Methods: The study included 44,871 US adult participants in the 2012-2015 NHIS who traveled to countries where HAV is endemic. The main outcome was self-reported HAV vaccination (≥ 2 doses). Complex survey methods were applied to all models to provide statistical estimates that are representative of US adults. Multivariable logistic regression models adjusting for covariates were fit to examine the association between nativity, race, race-by-nativity (for interaction) and vaccination status.
Results: For adult travelers to HRCs, the prevalence of HAV vaccination among foreign-born adults was lower than all adults 13.05% (95% CI; 12.11%, 14.00%) vs. 16.12% (95% CI; 15.60%, 16.64%). The adjusted odds ratio (AOR) of HAV vaccination was lower for foreign-born adults compared to US-born AOR 0.86 (95% CI; 0.76, 0.98). For Hispanics, the AOR of HAV vaccination was 0.80 (95% CI; 0.70, 0.91) as compared to non-Hispanic-Whites. Furthermore, a significant qualitative interaction between nativity and race was found (P-value <0.05). Among non-Hispanic Blacks, the adjusted odds of HAV vaccination for foreign-born adults were 1.35 (95% CI; 1.06, 1.72) times the odds for US-born adults. In contrast, the AORs of vaccination of foreign-born versus US-born adults were 36% (95% CI; 17%, 51%) and 30% (95% CI; 12%, 44%), lower for Asians and Hispanics, respectively.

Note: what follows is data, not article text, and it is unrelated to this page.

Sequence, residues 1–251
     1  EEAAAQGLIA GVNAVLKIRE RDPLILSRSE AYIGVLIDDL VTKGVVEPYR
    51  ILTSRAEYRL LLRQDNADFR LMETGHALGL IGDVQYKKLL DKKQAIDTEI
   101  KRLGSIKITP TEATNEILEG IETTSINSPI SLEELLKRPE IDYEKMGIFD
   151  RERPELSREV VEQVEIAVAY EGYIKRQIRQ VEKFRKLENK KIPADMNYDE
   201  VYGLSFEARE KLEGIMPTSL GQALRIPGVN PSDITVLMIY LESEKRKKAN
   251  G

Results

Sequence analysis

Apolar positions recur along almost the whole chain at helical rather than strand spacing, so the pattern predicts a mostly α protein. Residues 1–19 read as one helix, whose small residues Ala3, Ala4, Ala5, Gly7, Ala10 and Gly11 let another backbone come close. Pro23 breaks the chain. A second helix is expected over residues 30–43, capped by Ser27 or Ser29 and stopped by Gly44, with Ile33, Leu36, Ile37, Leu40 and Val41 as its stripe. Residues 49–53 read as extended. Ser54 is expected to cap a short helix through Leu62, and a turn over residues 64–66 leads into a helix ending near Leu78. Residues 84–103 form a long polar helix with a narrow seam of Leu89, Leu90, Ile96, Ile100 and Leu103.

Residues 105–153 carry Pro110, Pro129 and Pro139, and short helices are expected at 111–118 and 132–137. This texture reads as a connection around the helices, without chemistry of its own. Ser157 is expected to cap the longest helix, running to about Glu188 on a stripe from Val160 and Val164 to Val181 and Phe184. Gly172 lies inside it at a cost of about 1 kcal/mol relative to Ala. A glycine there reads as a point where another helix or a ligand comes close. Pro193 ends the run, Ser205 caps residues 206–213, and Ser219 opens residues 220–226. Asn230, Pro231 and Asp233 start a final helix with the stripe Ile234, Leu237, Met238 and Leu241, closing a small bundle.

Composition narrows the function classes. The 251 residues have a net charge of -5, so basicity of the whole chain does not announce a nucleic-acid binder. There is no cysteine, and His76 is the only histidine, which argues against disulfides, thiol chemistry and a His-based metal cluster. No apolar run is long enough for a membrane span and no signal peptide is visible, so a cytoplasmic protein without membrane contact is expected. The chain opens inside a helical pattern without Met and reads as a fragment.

Conclusion: The association between nativity and HAV vaccination status differs by race among travelers to HRCs, with US-born non-Hispanic Black and foreign-born Asian and Hispanic adults having lower vaccination odds. Health care resources should be focused on these target populations to improve travel vaccination compliance. Nativity and race should be both assessed when analyzing and reporting HAV vaccination statistics for adult travelers.
R. NeMoyer, None
N. Trivedi, None
U. Zeb, None
V. Rustgi, Genfit: Grant Investigator and Investigator , Research support . Gilead: Speaker's Bureau , Speaker honorarium . Abbvie: Speaker's Bureau , Speaker honorarium .